Outcome can be reasonably predicted by the time of presentation i.e. earlier the presentation, worse the outcome. Polyhydramnios and low APGAR score at birth are suggestive of poor outcome. Arterial PCO2 of >40mm Hg and a critical ventilation index of >1000 are other parameters to predict the outcome. Some authors have found that the postductal PaO2 greater than 100mmHg on atleast one occasion in the first twenty-four hours was associated with better survival [6,7].

An increasing percentage of diaphragmatic hernias are now diagnosed antenatally using ultrasonography. Antenatal diagnosis allows evaluation of the fetus for additional anomalies as well as counseling of the family. In antenatally undiagnosed cases, symptoms usually present with respiratory distress in the first few hours or days of life. Breath sounds are absent on the left side, the abdo-men is scaphoid and heart sounds are displaced to right. The diagnosis is made easily with the chest radiograph aided by a feeding tube placed in the stomach. The left hemithorax contains air filled bowel loops and the feeding tube seen in the chest [1,2,4].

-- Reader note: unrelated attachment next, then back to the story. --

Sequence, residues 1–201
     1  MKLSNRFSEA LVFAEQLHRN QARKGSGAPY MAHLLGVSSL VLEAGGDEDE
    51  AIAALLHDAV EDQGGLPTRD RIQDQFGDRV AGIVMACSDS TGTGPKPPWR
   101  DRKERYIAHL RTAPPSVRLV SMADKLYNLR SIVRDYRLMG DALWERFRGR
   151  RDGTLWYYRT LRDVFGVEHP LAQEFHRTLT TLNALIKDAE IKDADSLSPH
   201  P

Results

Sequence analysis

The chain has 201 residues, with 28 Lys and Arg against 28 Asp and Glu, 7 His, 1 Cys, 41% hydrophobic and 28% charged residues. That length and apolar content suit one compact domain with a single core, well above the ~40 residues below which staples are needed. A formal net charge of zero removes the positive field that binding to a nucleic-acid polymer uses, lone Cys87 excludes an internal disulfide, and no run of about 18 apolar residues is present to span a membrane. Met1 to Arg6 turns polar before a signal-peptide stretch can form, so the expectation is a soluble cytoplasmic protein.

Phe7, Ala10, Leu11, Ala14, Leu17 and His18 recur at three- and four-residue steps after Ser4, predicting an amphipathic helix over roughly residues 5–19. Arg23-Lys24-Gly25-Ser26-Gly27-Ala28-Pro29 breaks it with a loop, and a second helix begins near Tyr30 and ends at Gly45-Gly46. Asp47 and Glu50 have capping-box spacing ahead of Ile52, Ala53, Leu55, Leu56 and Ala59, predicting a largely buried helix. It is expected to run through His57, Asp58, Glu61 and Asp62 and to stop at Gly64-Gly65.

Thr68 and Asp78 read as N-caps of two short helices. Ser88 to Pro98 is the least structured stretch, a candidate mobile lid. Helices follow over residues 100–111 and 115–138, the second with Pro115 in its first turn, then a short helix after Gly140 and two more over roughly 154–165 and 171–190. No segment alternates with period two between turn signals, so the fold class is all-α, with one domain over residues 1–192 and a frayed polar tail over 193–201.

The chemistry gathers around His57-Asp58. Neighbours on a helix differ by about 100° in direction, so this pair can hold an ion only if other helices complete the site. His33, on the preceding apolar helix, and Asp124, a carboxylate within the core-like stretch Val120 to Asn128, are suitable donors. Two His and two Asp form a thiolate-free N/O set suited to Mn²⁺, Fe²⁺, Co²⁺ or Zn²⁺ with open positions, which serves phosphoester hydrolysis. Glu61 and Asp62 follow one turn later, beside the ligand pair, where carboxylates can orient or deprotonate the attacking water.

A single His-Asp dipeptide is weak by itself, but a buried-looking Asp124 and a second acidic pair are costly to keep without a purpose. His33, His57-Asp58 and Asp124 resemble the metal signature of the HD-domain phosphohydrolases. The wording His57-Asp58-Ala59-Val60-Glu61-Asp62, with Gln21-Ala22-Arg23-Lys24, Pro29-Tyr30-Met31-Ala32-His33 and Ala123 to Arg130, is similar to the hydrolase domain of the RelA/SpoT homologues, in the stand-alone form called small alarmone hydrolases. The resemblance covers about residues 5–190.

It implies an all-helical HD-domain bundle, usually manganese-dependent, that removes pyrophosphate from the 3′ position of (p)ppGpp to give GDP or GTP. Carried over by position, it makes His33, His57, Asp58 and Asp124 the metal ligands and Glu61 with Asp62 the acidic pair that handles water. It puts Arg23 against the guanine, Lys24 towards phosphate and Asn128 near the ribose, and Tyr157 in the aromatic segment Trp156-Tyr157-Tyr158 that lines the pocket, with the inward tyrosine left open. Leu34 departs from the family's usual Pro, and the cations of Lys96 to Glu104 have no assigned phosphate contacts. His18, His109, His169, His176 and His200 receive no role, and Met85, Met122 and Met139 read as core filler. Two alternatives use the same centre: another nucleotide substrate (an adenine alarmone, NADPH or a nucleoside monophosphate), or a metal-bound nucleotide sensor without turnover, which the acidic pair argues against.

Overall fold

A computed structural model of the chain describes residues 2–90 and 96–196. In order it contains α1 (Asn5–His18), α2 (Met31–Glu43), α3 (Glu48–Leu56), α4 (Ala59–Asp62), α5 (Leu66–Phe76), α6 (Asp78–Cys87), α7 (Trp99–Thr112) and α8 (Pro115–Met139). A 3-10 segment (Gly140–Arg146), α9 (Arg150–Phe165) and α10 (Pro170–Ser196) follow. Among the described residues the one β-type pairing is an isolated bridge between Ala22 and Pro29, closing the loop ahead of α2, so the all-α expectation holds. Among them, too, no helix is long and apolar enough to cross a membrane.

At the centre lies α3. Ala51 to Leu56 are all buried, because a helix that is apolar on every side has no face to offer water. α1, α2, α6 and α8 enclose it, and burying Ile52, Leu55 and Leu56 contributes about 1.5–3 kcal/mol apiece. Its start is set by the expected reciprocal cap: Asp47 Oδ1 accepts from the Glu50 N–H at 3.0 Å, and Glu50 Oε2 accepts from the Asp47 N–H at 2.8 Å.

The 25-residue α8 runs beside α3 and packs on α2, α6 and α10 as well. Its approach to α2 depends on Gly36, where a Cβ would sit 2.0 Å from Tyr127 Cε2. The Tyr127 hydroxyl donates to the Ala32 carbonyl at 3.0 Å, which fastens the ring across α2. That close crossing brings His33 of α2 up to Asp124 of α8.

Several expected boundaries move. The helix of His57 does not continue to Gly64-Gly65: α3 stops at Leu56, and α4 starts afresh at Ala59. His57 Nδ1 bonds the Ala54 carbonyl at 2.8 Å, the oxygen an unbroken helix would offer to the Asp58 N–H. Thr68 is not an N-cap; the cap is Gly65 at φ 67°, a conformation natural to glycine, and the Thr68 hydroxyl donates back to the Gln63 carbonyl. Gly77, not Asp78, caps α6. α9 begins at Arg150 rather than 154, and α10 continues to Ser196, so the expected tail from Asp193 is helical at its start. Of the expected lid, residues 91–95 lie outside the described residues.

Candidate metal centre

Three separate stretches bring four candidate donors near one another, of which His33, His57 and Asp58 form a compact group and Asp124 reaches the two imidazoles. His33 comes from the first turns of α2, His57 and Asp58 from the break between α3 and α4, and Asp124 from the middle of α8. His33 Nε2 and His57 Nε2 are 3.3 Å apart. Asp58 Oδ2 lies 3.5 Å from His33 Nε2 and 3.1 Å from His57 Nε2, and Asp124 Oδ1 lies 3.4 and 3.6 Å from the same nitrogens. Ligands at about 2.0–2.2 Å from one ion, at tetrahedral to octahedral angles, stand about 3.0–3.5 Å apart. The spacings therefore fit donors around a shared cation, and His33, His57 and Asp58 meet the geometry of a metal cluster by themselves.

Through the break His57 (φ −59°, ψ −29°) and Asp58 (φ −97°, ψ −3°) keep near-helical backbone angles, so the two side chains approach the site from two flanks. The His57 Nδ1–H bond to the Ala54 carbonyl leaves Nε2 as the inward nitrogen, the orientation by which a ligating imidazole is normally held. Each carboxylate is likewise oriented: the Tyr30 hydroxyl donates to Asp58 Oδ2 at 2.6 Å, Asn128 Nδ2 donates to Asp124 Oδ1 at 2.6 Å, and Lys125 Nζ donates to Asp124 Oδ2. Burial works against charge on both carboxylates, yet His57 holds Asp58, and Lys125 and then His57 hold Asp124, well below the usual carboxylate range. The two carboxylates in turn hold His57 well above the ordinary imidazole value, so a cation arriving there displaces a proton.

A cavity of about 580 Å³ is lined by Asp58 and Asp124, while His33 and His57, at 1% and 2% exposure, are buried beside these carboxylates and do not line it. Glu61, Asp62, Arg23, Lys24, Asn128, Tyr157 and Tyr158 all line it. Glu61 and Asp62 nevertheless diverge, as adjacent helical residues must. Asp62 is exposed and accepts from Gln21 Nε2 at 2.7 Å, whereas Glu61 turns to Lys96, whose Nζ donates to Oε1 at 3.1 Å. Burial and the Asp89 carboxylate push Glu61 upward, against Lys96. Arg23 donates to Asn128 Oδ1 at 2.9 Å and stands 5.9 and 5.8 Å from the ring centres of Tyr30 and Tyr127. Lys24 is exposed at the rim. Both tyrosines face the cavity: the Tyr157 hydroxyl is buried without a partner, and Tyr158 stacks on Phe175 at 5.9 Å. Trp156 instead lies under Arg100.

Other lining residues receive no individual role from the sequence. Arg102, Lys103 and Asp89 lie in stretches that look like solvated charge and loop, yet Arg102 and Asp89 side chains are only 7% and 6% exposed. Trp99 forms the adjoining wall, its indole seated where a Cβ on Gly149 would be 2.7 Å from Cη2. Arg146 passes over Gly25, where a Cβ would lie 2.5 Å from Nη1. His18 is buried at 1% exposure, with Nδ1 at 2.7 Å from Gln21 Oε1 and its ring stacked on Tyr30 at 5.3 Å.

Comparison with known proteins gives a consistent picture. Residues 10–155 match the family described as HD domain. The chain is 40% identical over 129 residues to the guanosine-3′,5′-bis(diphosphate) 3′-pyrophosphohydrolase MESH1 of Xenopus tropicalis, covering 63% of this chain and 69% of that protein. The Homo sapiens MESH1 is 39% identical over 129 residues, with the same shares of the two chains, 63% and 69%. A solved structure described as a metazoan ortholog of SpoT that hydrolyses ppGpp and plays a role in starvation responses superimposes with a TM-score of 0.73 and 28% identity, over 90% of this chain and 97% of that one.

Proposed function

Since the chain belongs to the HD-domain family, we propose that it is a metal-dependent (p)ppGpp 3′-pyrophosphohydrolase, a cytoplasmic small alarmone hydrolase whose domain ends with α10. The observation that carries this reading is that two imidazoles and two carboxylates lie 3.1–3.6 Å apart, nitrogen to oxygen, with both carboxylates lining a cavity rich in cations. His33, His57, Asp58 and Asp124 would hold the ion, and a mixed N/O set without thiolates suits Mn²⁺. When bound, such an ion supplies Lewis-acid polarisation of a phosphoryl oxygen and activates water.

Initial management of the patient involves pre-natal diag-nosis and betamethasone prophylaxis to the mother for surfactant insufficiency even at term gestation. Immediately after birth, an orogastric tube must be passed and suctioned continuously to reduce the amount of air in the hernia and decrease compression of lung. Infant should not be ventilated by bag and mask but instead should be intubated and ventilated using low peak pressure (<30cm H2O). No emergency surgery is warranted. Right to left shunting can be detected by using pulse oximeter above and below the ductus. Blood pressure support should be given in the form of fluids with dobutamine or dopamine infusion maintaining the MAP at 50mmHg or more to minimize any right to left shunt. Metabolic acidosis is corrected by administration of sodium bicarbonate with an aim to maintain arterial pH above 7.25 and arterial PCO2< 60mmHg. An echocardiography should be done to assess pulmonary hypertension and left ventricular function. If diagnosed antenatally, a chromosomal analysis should preferably be performed. Advanced modalities of medical management include hyperventilation with alkali therapy, high frequency ventilation, inhaled nitric oxide for PPHN, liquid ventilation and ECMO. The degree of lung hypoplasia along with the severity of pulmonary disease determines the outcome of ECMO. The aim of ECMO is to have the patient survive long enough for the reactive component of pulmonary hypertension to resolve. Fetal surgery did not improve the survival of patients diagnosed antenatally. However, tracheal plug operations are being tried in the fetus in which tracheal ligation is performed antenatally so as to enlarge the lungs with lung fluid resulting in reduction in the hernia and better lung growth [4].